The Palmetto State already enjoys lower taxes than neighboring states. Now, House Republicans and Governor McMaster have a plan to make them even lower. I am proud to have joined my House Republican colleagues, along with Governor McMaster, to roll out a plan to cut taxes in South Carolina by $1 billion. South Carolina’s economy is booming, with ARPA funds, infrastructure money, and years of conservative planning, we have a HISTORIC amount of surplus funds. Rather than spend this money as our Democrat colleagues might suggest, we’re returning it to the taxpayers.
Here’s how it works:
This plan simplifies and modifies 2 income brackets: it collapses the 4%, 5%, and 6% brackets into 3% and reduces the top rate to 6.5% this year, and incrementally lowers it over the next 5 years until it hits 6%.
Once fully implemented, this plan will decrease the average effective rate taxpayers pay from 3.1% to 2.54%.
Puts $600 million back in the pockets of South Carolinians in the first year.
This new tax plan was introduced on Tuesday, where we were joined by Governor McMaster for a press conference. Since then, the bill has been working its way through the committee process. I will vote in favor of this plan to ensure the hardworking people of South Carolina get to keep the money that they earn. Thank you to House leadership for their work on this bill, notably, House Ways and Means Chairman Murrell Smith, Speaker Jay Lucas and Majority Leader Simrill. Read more in the news, here.
ARPA Dollars: Where are they going?
Fiscal conservatism was the theme this week, as we passed an ARPA Funds Appropriations Bill, essentially outlining how we should handle the federal money on its way to South Carolina. As promised, we designated these dollars to state agencies for infrastructure improvements in rural and urban areas, including expanding and improving roads, highways, interstates, bridges, sewer, and broadband access. In particular, we are sending over $450 million to SCDOT, who are using the funds to improve roads, interstates, highways, and bridges. We allocated $800,000,000 to the Rural Infrastructure Authority, which is where a bulk of the water and sewer improvements will be done. We dedicated $400,000,000 towards broadband expansion, which will impact rural areas the most in getting them connected. And we gave $100,000,000t to the Office of Resilience to fortify our infrastructure and accommodate for storm damage and flooding… to see other dollar amounts, view the bill here.
Passed: Eliminate Taxes on Military Retirement
I recently updated you on legislation that aims to eliminate income taxes on military retirement making its way through committee. This week, I was proud to eliminate income taxes on military retirement. This bill passed unanimously and is on its way to the Senate. This is the least we can do to repay veterans for their sacrifice to our country.
Work in Progress: In Committee This Week ELECTION INTEGRITY: I am proud to be a sponsor of a new comprehensive election bill, H. 4919. This bill is progressing through committee, and is currently in House Judiciary. Here are some of the protections that the bill includes:
Prevents candidates from being nominated by more than one political party or appearing on the ballot more than once.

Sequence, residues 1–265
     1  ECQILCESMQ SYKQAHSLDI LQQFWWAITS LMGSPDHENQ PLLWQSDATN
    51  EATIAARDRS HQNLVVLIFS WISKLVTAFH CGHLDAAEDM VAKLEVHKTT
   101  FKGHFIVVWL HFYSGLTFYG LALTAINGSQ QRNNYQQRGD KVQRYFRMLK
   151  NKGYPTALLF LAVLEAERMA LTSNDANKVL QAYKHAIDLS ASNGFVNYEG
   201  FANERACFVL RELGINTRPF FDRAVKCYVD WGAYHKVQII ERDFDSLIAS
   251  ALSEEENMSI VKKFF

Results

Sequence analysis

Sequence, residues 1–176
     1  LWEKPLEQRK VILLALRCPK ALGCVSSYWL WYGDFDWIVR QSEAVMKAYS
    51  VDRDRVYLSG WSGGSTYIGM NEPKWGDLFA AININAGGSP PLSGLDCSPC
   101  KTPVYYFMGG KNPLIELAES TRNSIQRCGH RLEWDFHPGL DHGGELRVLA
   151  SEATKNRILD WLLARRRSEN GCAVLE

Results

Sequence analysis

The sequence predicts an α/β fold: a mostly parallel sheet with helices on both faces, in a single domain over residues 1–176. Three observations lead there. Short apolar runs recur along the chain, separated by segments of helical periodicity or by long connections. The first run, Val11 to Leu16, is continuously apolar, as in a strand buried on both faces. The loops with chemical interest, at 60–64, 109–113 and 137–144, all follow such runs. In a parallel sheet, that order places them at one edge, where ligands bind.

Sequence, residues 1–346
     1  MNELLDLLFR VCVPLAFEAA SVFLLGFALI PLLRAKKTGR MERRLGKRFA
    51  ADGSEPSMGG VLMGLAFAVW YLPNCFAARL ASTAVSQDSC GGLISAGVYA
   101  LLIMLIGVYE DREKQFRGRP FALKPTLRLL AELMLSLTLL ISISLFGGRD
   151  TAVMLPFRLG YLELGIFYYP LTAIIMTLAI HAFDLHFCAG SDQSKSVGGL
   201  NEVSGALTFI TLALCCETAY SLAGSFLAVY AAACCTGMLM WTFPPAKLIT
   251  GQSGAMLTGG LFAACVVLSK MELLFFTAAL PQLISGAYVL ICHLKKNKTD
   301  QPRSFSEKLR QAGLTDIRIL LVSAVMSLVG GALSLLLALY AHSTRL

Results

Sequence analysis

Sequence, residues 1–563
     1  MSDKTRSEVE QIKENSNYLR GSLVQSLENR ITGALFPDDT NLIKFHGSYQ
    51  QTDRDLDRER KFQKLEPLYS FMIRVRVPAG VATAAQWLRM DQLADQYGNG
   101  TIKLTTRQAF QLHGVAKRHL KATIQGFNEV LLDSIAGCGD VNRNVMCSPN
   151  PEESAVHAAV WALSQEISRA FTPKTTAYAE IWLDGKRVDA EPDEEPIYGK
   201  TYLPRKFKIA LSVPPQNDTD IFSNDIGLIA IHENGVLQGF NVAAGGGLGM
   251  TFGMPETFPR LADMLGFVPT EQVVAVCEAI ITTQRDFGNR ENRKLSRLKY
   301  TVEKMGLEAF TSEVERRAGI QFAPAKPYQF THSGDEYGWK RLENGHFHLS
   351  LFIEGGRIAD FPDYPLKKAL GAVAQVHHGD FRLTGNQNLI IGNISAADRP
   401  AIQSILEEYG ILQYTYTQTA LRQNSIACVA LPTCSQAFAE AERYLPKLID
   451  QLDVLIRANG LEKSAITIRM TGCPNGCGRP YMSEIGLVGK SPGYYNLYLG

Requires the witness of every absentee ballot to provide a printed name, signature, and address for identity verification and accountability.
Modifies the reasons that an absentee ballot can be cast, adding “absent from the country for the duration of early voting and election day” to the list.
Requires a form of valid government issued photo identification to cast an absentee ballot, as needed when casting a ballot on Election Day.
Allows absentee ballots to be opened and counted beginning at 7am on the Sunday before Election Day, in order for quicker election results when polls close.
Ensures that only one ballot can be cast, where any voter who has cast an absentee ballot can cast ONLY a provisional ballot on Election Day. This ballot will ONLY count if the absentee ballot is never received.
I am hopeful that this bill will soon come to the House floor, where I can vote to pass necessary new protections that go to maintain the integrity of our state election system.
CRITICAL RACE THEORY: Critical race theory, also known as CRT, promotes the idea that groups of people, based on sex, race, religion, or other defining characteristics, should take responsibility for historical human rights violations -- a topic reserved for consideration in law classes and other high level education. Our children do not need to be introduced to this rhetoric in K-12 schools. The House Education and Public Works Committee heard hours of testimony this week on a series of bills that prohibits CRT from being taught in South Carolina public schools. I look forward to supporting legislation that prohibits the teaching of critical race theory soon.
SCHOOL CHOICE: Legislation advanced from House Ways and Means and is now on the House calendar, which aims to give parents a choice on where to send their child to school. After pandemic conditions, the necessity of this has never been more obvious. Currently, the plan awards $5,000 a year towards the cost of private school for qualifying families, which would be funded by money in our state surplus funds, available due to years of conservative budgeting. I look forward to supporting this bill on the Floor in the near future.